And before moving to the sound department, this is the moment where I mention that SAO II also has a healthy dose of fanservice, even more so at times. Sinon’s rear gets so much screentime it might just be considered its own character at times. While fanservice is nice to have around from time to time, I would have preferred it significantly toned down around Sinon, as it can make for some jarring contrast with her dramatic character arc.
Now as for the soundtrack, my opinion about it hasn’t changed since the last season; it’s Yuki Kajiura, so it’s decent at the very least. But it lacks its own unique personality and ends up feeling like Kajiura repeats herself.
The most prominent track will probably be “Gunland”, a remix of the iconic “Swordland” theme, refitted with electronic guitar and drums, and overall I like it better than its forerunner, so there’s that. There’s also the gorgeous piano piece “You Are Not Alone”, which makes for the best piece out of Kajiura’s SAO record.
The highlights of the soundtrack are the opening themes. “Ignite” by Eir Aoi in her second song for the franchise, is a dramatic, almost telenovela-like song in its execution, which needed some time to grow on me, but eventually I came to enjoy it and its relatively unique style. However, “Courage” by Haruka Tomatsu (who sang the first ending theme of the previous season) ended up being my favorite due to its slow, gentle build-up and emotional connection.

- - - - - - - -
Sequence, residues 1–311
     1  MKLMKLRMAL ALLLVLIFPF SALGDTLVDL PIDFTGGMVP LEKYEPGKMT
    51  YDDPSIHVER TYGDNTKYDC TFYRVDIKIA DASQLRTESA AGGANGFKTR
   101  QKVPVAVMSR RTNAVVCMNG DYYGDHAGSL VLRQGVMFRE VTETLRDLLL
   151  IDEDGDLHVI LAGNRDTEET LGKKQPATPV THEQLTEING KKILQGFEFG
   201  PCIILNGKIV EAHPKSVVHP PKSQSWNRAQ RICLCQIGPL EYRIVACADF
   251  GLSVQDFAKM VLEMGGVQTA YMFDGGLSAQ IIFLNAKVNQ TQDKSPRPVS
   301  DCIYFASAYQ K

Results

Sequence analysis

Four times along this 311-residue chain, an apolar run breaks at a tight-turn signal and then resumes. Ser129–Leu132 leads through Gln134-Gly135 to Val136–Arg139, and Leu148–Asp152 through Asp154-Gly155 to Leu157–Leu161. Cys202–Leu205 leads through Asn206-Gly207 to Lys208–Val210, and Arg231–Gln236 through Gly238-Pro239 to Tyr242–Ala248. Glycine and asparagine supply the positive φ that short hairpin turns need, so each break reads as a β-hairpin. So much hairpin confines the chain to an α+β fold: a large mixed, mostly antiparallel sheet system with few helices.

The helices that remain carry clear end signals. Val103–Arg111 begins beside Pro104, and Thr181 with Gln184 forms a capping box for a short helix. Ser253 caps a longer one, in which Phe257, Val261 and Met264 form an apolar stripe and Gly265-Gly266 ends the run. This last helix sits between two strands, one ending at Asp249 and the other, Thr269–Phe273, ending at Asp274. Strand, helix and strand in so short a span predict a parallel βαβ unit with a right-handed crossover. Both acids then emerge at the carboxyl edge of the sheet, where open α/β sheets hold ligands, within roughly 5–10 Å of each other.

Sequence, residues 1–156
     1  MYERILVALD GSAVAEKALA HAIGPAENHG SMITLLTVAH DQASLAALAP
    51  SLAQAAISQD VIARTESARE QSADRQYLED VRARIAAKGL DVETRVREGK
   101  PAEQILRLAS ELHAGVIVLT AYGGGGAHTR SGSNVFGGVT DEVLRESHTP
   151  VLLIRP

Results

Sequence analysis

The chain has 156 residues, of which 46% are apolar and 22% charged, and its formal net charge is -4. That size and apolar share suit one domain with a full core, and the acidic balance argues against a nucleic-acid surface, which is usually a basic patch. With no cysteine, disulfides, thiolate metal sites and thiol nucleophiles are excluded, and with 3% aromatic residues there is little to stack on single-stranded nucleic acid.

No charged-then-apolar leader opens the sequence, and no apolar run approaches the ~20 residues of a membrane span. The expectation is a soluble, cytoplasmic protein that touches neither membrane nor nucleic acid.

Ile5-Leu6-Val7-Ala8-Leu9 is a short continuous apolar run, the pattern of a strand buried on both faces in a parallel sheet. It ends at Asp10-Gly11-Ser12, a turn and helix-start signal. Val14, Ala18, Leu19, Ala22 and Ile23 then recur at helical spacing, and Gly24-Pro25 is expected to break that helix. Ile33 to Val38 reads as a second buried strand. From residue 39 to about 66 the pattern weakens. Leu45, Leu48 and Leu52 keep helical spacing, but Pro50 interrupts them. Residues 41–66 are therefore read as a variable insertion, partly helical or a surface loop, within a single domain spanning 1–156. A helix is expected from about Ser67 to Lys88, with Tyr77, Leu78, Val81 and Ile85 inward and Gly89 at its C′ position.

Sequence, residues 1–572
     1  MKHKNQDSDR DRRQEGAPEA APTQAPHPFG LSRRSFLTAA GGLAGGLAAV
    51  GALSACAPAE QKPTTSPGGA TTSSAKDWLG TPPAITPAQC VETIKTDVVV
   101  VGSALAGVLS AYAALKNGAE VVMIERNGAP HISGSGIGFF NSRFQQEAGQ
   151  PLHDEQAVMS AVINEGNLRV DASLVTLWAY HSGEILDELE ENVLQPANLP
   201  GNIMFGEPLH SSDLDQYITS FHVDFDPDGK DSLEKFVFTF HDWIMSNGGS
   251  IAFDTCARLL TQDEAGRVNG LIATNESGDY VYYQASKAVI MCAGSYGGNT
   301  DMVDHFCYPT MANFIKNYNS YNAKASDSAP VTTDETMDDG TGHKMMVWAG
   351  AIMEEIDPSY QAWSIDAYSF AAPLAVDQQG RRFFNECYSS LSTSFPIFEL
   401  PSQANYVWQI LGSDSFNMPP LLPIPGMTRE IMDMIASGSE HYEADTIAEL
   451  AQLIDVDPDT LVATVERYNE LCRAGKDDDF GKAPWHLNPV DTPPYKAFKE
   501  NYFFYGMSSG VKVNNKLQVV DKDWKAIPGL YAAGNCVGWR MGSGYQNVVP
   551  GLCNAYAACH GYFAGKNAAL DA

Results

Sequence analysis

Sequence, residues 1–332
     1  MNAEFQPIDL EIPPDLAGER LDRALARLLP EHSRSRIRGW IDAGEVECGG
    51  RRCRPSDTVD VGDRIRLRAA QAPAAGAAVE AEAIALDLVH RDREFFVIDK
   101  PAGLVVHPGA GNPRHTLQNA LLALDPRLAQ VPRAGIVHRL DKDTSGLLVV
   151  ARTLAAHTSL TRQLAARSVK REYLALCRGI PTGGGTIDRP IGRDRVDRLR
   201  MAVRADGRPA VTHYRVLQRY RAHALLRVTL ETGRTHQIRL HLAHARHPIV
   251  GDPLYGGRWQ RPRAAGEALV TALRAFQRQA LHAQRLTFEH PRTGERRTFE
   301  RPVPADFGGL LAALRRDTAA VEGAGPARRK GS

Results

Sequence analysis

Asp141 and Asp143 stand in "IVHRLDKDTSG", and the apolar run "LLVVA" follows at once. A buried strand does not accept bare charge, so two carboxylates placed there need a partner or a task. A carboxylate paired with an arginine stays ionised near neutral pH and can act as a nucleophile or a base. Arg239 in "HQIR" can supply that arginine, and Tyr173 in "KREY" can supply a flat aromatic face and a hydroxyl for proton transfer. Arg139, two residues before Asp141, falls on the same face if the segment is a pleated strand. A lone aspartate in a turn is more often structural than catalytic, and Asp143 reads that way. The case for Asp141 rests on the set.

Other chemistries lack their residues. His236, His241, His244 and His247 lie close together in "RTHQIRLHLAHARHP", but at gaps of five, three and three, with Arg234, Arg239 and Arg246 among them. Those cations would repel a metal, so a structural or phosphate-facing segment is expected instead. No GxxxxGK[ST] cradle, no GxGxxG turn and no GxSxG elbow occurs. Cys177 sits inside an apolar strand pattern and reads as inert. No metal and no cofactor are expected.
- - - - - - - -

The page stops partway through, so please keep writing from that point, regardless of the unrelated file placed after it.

On the other hand, none of the ending themes really did it to me… Well, maybe the third one, “Shirushi” by Lisa, but that’s mostly because of my emotional connection to Mother’s Rosario. "Startear" by Luna Haruna and “No More Machine Time” (also by Lisa) are lovely songs, but ultimately standard fare. “Startear” does deserve a mention for its relatively unique art style, using rough drawings and bright, blue colors for its animation, which was a nice touch.
Okay, fine. I will also mention the absolutely beautiful song that is “Separate Ways," also done by Haruka, which is just a gorgeous song to close the series with. It's just too painful for me to remind myself that it exists.